# A faster way to find the nth Fibonacci number from it’s series

I am assuming you all might know what a Fibonacci sequence is, For those who don’t know, it’s the sequence of numbers such that each number is the sum of the two preceding ones, starting from 0 and 1. For example please refer to the following sequence.

`0, 1, 1, 2, 3, 5, 8, 13, 21, 34, 55, 89, 144, 233, 377, 610, 987, 1597, 2584, 4181, 6765`

## Why Fibonacci?

The question of finding a specific number from the series is what you could expect is a basic coding interview. Anyone from a coding background would know how to do this. Generally, the Fibonacci series is used when teaching recursion and it’s a great example to show how we could achieve recursion.

You might think why is it such a big deal that it is something taught from the college and why should we think of an alternative path to solve this problem. Have you notice the time taken to get a specific Fibonacci number from the series whose index is 100 or above. It will take a lot of time to calculate the result. This is because the time complexity of the problem is `O(2^n)`

it means it will take an exponential time when finding a number`n`

if it increases.

## Recursion

The traditional method used to find the Fibonacci series is by using the following steps.

- Check if the number
`n`

is less than or equal to 2 and return 1 if it is true else continue to the next step which is recursion. - Find the Fibonacci number at the index
`n-1`

and add it to the Fibonacci number at`n-2`

The following illustrates the time required to find the different Fibonacci numbers using the recursion method.

Notice the time taken it takes to find the 40th Fibonacci number. It takes more time when the number increases.

This method is the easiest when it comes to faster implementation. The time complexity for the given program is `O(n^2)`

.

The above graph shows how the recursive method executes. The depth of the tree is `n`

and on each level, it will have 2 sub-nodes which are split into two, and so on. so the execution goes like `1*2*2*2*...`

Thus we conclude having `2^n`

steps, hence we have the **time complexity**

.**O(2^n)**

What about the space complexity. You might think the same way what might happen for time complexity but actually, the **space complexity** is less which is

. Take the leftmost bottom side of the graph it will go down the nodes to node number **O(n)**`2`

and goes back to `3`

and goes to `1`

Thus on execution, the maximum stack depth is `n`

and it doesn’t exceed that value.

**Memoization**

So what is memoization? **memoization** or **memoisation** is an optimization technique used primarily to speed up computer programs by storing the results of expensive function calls and returning the cached result when the same inputs occur again.

The memoization does the following.

- checks if the number is present in the memory dictionary and if it is there it will return the value.
- It checks if the number is less than or equal to 2 and returns 1 if true.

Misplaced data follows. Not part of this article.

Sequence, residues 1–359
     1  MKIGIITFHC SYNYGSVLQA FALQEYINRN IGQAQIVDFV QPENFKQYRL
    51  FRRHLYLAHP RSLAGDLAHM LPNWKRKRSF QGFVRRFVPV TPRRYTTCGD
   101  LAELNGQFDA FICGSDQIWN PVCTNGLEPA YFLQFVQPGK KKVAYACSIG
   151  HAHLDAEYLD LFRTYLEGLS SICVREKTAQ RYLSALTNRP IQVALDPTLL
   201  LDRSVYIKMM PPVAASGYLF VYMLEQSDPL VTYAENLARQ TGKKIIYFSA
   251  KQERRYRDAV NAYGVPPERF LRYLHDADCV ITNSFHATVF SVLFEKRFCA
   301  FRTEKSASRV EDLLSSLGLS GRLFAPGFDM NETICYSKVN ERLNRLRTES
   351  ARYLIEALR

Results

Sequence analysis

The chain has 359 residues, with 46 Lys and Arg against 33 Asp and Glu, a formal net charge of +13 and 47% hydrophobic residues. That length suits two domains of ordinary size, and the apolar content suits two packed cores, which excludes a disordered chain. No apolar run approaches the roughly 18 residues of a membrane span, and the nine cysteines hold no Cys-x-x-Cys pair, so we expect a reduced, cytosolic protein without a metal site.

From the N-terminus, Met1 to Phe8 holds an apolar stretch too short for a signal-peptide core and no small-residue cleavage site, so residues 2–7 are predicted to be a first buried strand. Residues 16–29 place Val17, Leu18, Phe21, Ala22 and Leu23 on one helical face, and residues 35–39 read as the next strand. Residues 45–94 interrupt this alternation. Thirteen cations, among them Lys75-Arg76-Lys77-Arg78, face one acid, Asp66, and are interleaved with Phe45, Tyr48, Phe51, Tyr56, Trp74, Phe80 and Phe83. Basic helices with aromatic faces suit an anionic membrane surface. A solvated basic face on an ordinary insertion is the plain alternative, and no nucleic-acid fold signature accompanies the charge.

- Then after that the recursive call with the
`n-1`

and`n-2`

is called but the change is that the memorization dict is also passed.

Notice the function which was slower for 40 now executes faster. This is due to the recall happening within the function. What happens is that on execution it will check for the key in the memo dict and if not present then it tries to save the function results in the memo dict after getting the result.

For example, take the graph which is shown before, you can see that certain functions are executed multiple times like node 3 is present under node 5 and node 6. Hence the function with 3 is executed multiple times. So to prevent this we used the memoization method that saves the time required to re-execute the function.

The complexity of the current method is `O(n)`

. Take the graph of the current method that looks like this. The depth of the graph is `n`

and we will get 2n executions on each node taking the time complexity for the current graph we will have `O(n)`

.

Thus the time complexity of this method is the same as the depth of the graph which is `O(n)`

. The space complexity is also the same which is `O(n)`

.

## Using lru_cache

So what is `lru_cache`

? `lru_cache`

Is a decorator to wrap a function with a memoizing callable that saves up to the

most recent calls. It can save time when an expensive or I/O bound function is periodically called with the same arguments.*maxsize*

If

is set to *maxsize*`None`

, the LRU feature is disabled and the cache can grow without bound.

This has the same time complexity as that of the memoization method. The main difference is that we are manually doing the memoization in the previous method but in the current method it is automatically taken care of, the `lru_cache`

decorator is saving the function result by itself. `lru_cache`

has the option to set the size of the maximum call that it should memorize.

## Conclusion

To summarize we learned how to find n-th Fibonacci using a faster method called memoization and also using `lru_cache`

. This doesn’t mean you have to use this method. You could use any method that you find suitable and try out different steps other than this.

## Credits

Huge credit goes to Alvin Zablan from Coderbyte who has shared this amazing explanation via his course which was uploaded to youtube on the freeCodeCamp.org channel. There are other problems related to memoization explained in this video do please check this out.

Also, the StackOverflow thread which gives a clear explanation of the same.

*Please provide your feedback and suggestions.*

Linkedin:linkedin.com/in/joel-hanson/

Portfolio:joel-hanson.github.io/

Github:github.com/Joel-hanson

Twitter:twitter.com/Joelhanson25